Burberry (BRBY.L), the British brand seeking to replace departing boss Marco Gobbetti, said its like-for-like sales had risen above pre-pandemic levels, driven by new, younger customers and demand for handbags and trench coats.

The 165-year-old group said on Friday retail revenue for the 13 weeks to June 26 rose 86 per cent to 479 million pounds ($662 million), with comparable store sales rising 90 per cent on the same period last year and 1 per cent ahead of the period two years ago.

Gobbetti, who has sought to elevate Burberry in the luxury sector, is returning home to Italy to lead Ferragamo (SFER.MI), the two companies said last month. The news sent Burberry’s shares tumbling 10 per cent.

Chief Financial Officer Julie Brown said Gobbetti’s announcement had come as a surprise, but it was “very much a personal decision”.

Riccardo Tisci, the designer who Gobbetti brought in to revitalise the brand, remained committed, she told reporters. Investors had feared he could follow the CEO out of the door.

“(Tisci) remains very excited by the opportunity to continue to inspire our customers with his imprint on Burberry’s identity, reinforced by the response to his latest collection,” she said. “We’re very, very confident of Riccardo’s position.”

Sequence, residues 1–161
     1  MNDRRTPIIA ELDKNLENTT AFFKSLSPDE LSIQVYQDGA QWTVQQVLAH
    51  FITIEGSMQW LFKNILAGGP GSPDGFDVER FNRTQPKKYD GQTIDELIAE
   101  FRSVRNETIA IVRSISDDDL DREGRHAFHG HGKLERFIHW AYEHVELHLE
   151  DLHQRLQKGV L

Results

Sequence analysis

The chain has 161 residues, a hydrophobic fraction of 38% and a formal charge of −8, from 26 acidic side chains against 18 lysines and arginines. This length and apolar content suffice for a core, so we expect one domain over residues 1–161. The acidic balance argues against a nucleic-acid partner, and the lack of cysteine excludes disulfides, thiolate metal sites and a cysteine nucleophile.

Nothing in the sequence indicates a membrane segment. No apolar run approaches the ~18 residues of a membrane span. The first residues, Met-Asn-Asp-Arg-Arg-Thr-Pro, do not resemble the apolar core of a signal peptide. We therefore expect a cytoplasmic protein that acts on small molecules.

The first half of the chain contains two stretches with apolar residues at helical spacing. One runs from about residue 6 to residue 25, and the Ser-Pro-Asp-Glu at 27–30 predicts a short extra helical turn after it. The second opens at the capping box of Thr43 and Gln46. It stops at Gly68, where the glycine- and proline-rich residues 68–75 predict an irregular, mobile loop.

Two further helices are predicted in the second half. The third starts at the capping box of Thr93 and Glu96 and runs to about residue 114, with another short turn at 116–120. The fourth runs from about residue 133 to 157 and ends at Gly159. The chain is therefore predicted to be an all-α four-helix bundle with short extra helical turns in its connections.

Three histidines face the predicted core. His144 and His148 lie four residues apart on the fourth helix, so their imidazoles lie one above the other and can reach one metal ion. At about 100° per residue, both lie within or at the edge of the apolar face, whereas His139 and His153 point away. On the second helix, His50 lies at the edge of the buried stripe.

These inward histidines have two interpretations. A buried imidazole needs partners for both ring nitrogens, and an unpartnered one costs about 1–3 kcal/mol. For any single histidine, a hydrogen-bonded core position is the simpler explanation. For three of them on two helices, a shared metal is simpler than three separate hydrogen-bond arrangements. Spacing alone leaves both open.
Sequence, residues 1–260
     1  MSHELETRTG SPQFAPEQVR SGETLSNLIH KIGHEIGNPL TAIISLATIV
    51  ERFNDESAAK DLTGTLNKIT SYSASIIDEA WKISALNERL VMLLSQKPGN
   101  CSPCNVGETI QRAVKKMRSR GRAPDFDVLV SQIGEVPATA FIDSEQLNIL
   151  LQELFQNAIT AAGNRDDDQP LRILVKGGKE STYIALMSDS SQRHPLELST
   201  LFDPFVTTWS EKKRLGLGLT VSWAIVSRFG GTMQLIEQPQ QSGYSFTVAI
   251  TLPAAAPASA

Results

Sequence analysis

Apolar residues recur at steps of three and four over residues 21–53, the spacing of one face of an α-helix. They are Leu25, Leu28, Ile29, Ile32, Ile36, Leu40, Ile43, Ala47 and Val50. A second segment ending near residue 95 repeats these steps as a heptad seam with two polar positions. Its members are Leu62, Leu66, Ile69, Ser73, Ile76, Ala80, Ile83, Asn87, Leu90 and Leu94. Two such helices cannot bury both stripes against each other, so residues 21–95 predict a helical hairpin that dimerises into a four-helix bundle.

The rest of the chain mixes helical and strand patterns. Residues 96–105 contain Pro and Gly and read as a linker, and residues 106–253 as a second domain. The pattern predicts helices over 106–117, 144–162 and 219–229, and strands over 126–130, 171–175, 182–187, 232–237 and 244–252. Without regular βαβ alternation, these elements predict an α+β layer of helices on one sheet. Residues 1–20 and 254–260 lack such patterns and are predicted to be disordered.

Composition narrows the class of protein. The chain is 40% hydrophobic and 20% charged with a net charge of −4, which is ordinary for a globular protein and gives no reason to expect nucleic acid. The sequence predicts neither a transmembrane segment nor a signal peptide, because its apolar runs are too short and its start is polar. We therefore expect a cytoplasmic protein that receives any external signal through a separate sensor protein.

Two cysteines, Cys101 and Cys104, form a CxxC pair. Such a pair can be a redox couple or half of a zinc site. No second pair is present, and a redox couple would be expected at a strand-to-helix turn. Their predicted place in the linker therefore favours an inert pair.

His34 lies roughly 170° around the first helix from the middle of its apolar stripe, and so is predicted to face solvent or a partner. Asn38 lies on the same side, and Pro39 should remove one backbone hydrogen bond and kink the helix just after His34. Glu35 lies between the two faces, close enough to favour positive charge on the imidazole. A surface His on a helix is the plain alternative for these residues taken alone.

Brown said Gobbetti would remain until the end of 2021. She declined to say if she would apply to be his replacement.

Shares in Burberry reversed initial gains to trade down 4 per cent in early deals on Friday.

Citi said the update would normally be sufficient to reinforce investor sentiment on the turnaround, but uncertainty around senior management was likely to persist.


Burberry adds to evidence that luxury has rebounded from the pandemic. Cartier maker Richemont said on Friday its sales had more than doubled in the latest quarter.

Gobbetti said full-price sales accelerated as Burberry’s collections attracted new, younger luxury customers.

Burberry said it had strong growth in mainland China and Korea, helping comparable store sales in Asia Pacific rise 27 per cent.

In March, the brand faced calls for a consumer boycott in China related to Xinjiang cotton.

Brown said the issue had “relatively limited impact”, although she declined to confirm if Burberry was still a member of the Better Cotton Initiative, a group that promotes sustainable cotton production.

The Americas were a stand out in other markets, with comparable sales up 341 per cent on a year ago and 34 per cent up on two years ago, driven by a new and younger clientele.

Stores in Europe, however, continued to be hit by lockdowns and weaker tourist footfall, it said.